My wife and I were in the supermarket business for 20 years, taking it from a three-person operation to one with 23 members of staff. We lived in a small country town, with people feeling the need to drive out of town to do their shopping – something we managed to reverse – and an essential part of the operation was a fully functioning butcher shop.
We employed three senior butchers in our time, the first having to leave due to failing kidneys, the second leaving ‘by mutual agreement’ due to lack of customer skills (something I’d always thought a requisite part of a butcher’s makeup), and the third, thankfully, proving every bit as good as the first. In time, we were able to employ assistants and even provide apprenticeships.
People in our neck of the woods were big meat eaters, so this was a major part of our success. Some of the innovations were to prepare corned beef on site of far better quality than the commercial product and, because we had a forcer, to create our own sausages. (At which point I must make an admission: Much as I tried, I never managed the wrist twist to make suitable snags!)
Long before they were popular anywhere, our first butcher began to prepare shoulder lamb cushions, stuffed with bread crumbs, herbs, pine nuts and whatever else he thought suitable, formed into a cushion shape tied with white cord. They were a great creation! They doubled the value of the product and ‘walked out the door’ as fast as he could make them.
Oh, and dinner packs. Eat your heart out at this! A $50 dinner pack at the time consisted of 2kg rump or sirloin, a leg of lamb, 2kg beef or pork sausages, a no. 18 frozen chook, 1kg ham steaks, 4kg bag of spuds and 2kg each of carrots and onions.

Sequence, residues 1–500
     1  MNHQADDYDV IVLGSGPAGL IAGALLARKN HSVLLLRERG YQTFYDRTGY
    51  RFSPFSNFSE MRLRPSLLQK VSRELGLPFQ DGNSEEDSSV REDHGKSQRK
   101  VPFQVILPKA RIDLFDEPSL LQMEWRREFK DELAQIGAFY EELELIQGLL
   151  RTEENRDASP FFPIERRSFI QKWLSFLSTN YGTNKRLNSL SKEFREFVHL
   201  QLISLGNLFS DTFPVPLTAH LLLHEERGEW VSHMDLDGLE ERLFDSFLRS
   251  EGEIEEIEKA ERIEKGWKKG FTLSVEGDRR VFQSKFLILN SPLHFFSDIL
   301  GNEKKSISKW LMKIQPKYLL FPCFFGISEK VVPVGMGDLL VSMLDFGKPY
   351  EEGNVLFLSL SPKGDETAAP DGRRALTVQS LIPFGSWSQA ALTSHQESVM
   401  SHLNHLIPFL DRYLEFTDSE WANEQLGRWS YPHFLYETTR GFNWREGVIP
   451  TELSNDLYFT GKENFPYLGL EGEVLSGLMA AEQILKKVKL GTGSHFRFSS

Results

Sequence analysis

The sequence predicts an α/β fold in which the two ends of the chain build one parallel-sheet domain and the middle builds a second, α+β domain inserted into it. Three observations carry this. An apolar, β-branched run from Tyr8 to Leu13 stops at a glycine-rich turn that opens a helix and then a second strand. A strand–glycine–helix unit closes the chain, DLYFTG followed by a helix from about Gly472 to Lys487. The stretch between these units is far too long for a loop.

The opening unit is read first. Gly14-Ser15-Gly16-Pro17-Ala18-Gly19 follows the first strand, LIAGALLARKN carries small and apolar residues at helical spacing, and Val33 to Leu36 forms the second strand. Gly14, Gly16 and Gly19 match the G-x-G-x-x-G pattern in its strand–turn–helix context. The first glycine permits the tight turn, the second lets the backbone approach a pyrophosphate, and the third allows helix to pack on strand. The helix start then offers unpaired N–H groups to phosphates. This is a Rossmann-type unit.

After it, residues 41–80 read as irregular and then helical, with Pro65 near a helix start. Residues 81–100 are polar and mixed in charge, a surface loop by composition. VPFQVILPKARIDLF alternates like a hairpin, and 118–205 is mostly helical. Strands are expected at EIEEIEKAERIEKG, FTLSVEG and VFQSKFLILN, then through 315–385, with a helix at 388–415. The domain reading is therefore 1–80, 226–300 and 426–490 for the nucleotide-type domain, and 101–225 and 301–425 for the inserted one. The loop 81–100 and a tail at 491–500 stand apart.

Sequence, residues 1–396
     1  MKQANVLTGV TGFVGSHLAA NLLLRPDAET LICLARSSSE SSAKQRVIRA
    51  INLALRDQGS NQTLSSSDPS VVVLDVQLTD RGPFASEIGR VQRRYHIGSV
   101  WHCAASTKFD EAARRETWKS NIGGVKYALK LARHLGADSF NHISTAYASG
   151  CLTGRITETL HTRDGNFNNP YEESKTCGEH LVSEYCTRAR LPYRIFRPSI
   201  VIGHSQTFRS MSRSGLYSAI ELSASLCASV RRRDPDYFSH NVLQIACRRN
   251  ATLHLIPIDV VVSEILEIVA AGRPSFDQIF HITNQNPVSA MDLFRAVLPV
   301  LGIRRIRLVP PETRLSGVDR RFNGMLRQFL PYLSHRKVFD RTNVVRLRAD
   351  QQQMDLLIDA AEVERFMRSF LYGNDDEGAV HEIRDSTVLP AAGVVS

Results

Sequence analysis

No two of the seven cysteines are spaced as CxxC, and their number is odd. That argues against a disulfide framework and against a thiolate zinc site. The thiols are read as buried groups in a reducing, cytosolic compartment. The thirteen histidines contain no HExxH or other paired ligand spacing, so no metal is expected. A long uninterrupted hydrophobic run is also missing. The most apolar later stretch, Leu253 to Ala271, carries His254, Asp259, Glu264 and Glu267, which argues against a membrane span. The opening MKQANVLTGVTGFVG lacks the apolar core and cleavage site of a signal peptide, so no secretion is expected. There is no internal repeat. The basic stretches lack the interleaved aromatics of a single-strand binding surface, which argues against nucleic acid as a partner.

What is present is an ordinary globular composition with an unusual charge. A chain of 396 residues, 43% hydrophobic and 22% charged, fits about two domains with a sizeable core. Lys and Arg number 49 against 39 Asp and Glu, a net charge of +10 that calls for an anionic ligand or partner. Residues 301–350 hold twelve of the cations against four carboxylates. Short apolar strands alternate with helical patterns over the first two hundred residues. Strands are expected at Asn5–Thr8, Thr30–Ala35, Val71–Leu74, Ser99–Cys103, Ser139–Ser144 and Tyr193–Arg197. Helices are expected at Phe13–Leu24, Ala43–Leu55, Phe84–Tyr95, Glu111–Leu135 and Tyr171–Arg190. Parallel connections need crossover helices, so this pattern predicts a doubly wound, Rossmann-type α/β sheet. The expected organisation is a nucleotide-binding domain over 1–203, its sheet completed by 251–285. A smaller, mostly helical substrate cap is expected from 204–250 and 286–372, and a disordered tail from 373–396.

Among all the meat though, there were some good times had and a couple of humorous occasions worth mentioning.
There were two sisters, young mums, both possessed fabulous figures. They would shop together, frequently wearing rather skimpy tops and short shorts. I heard them chatting and chuckling one day as one of them bent over the meat cabinet, with the butcher perving through the window. The other sister giggled, saying, “I can see both his hands, but he’s still lifting the cutting table!”
On another occasion, I heard a shriek followed by hysterical laughter. As I came around the end of an aisle, two senior women were doubled over, laughing at the young apprentice, a cow’s tongue protruding from his mouth. Hanging around his neck was a sign that read, “And can breathe through my ears!”
It was a great life, with great people. Hard work, sure, but gratifying, especially managing to lift the store’s turnover by a factor of 50, and with half our custom now coming from out of town.